All the best
Sue

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Re: retaining wall help please

Post: #226132 grahamhobbs
Mon Mar 14, 2011 2:52 pm

Annpan wrote:...........Can we build one 3 ft high, fill it, then go back 3ft and dig a found for the next one on top? :scratch:


This is an extremely steep slope, I would be very careful in what you are doing. 3' is probably over the limit for a simple 8" or 9" brick or block retaining wall. If it was brick I would do it in 13.5" wide brickwork. I would also add some reinforcement, something like BrickTor in every other course.

Clay moves a lot, it can rise and fall 2" between summer and winter. Unfortunately it doesn't necessarily do this uniformly and that is why you get settlement and cracking in so many old buildings. The only real way to avoid this is to construct foundations going down 1 meter, anything less could mean the wall cracking (although the BrickTor will help).

As I say I would be very careful doing this and it would be best to get some local expert advice from a structural engineer before diving in.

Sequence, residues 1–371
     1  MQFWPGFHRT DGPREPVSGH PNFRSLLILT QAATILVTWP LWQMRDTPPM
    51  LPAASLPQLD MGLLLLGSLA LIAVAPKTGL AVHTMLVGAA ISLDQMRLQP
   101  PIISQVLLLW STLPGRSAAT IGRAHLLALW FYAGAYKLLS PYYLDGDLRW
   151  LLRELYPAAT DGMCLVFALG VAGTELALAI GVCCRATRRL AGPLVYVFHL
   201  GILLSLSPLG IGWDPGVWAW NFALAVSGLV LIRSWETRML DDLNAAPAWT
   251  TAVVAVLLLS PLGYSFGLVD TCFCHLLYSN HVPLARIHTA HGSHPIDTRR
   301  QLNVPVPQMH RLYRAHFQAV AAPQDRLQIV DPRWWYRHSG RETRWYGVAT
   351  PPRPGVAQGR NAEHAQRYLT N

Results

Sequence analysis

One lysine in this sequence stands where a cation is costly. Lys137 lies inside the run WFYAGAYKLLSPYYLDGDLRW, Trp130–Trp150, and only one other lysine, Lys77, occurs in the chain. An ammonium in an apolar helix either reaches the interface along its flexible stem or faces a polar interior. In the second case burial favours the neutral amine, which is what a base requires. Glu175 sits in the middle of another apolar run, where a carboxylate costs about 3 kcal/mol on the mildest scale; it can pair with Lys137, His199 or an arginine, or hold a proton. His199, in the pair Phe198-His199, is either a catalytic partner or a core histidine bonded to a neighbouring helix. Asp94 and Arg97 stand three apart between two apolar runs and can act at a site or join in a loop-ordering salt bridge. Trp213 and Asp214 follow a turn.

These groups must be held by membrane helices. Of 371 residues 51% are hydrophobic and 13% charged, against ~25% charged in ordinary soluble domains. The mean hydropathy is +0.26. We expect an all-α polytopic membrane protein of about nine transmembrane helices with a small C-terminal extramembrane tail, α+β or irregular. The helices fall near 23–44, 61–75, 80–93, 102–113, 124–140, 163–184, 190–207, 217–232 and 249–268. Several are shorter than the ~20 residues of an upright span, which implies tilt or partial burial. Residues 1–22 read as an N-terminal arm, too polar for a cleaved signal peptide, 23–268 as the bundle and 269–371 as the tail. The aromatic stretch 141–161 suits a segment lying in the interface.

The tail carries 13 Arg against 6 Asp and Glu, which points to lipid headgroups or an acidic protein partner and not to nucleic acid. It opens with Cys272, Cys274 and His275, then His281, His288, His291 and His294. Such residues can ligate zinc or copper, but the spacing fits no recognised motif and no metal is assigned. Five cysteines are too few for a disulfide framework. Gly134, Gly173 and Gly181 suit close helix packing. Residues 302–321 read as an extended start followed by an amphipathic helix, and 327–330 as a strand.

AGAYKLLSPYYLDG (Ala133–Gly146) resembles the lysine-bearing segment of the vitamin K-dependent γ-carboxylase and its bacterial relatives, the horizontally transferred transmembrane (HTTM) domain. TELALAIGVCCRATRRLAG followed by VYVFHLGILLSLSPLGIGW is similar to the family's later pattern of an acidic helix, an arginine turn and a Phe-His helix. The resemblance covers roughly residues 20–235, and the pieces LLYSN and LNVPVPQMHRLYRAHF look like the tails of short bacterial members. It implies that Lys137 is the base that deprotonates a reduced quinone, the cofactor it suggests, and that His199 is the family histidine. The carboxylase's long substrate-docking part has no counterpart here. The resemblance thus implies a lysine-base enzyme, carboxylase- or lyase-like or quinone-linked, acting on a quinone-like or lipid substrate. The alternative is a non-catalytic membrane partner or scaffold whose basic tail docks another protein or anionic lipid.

Just seen suggestion to use gabions. This is something we have done in a similar situation and is a good solution, in that the gabion suppliers will design the structure. They are easy to construct, in terms of making the cages and filling with stone, but you will have to excavate a large amount of soil.

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Re: retaining wall help please

Post: #226138 Annpan
Mon Mar 14, 2011 3:58 pm

Thanks for all the replies.

Zoe, our house is terraced and the garden is the same width as the house and slopes towards the house. the slope faces E / NEish with the garden shading it too.

The ground near the house has been extensively excavated and currently is all between 1 and 2 ft below finished ground level... and permanently full of water cause the drainage isn't in yet. heres a pic http://www.flickr.com/photos/snowdropsa ... 526612866/

We are looking to make the best of a bad situation frankly. There is a single 4 inch drain that goes under the house and ALL the water has to go through it.... we are putting in drainage and raising the ground level this weekend.

the gabions look like they might be the best option actually - though I don't like the look of them, they look like we can grow stuff up them to hide it.
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Re: retaining wall help please

Post: #226139 Annpan
Mon Mar 14, 2011 4:04 pm

just had another look at the picture, I think the height might only be 6 ft or so...
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Re: retaining wall help please

Post: #226149 grahamhobbs
Mon Mar 14, 2011 6:22 pm